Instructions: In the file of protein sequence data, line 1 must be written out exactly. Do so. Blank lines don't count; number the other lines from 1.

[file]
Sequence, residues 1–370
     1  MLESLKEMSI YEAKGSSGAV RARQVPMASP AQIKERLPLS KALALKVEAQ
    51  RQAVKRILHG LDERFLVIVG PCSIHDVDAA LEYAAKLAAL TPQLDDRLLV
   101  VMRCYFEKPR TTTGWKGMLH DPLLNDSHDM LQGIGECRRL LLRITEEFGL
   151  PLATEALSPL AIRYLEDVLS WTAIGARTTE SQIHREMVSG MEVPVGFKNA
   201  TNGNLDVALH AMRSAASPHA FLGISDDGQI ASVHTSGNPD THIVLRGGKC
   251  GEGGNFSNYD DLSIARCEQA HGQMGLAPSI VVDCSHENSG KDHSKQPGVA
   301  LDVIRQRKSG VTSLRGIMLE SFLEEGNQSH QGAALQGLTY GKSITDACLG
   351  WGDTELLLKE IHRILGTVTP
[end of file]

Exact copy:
Sequence, residues 1–370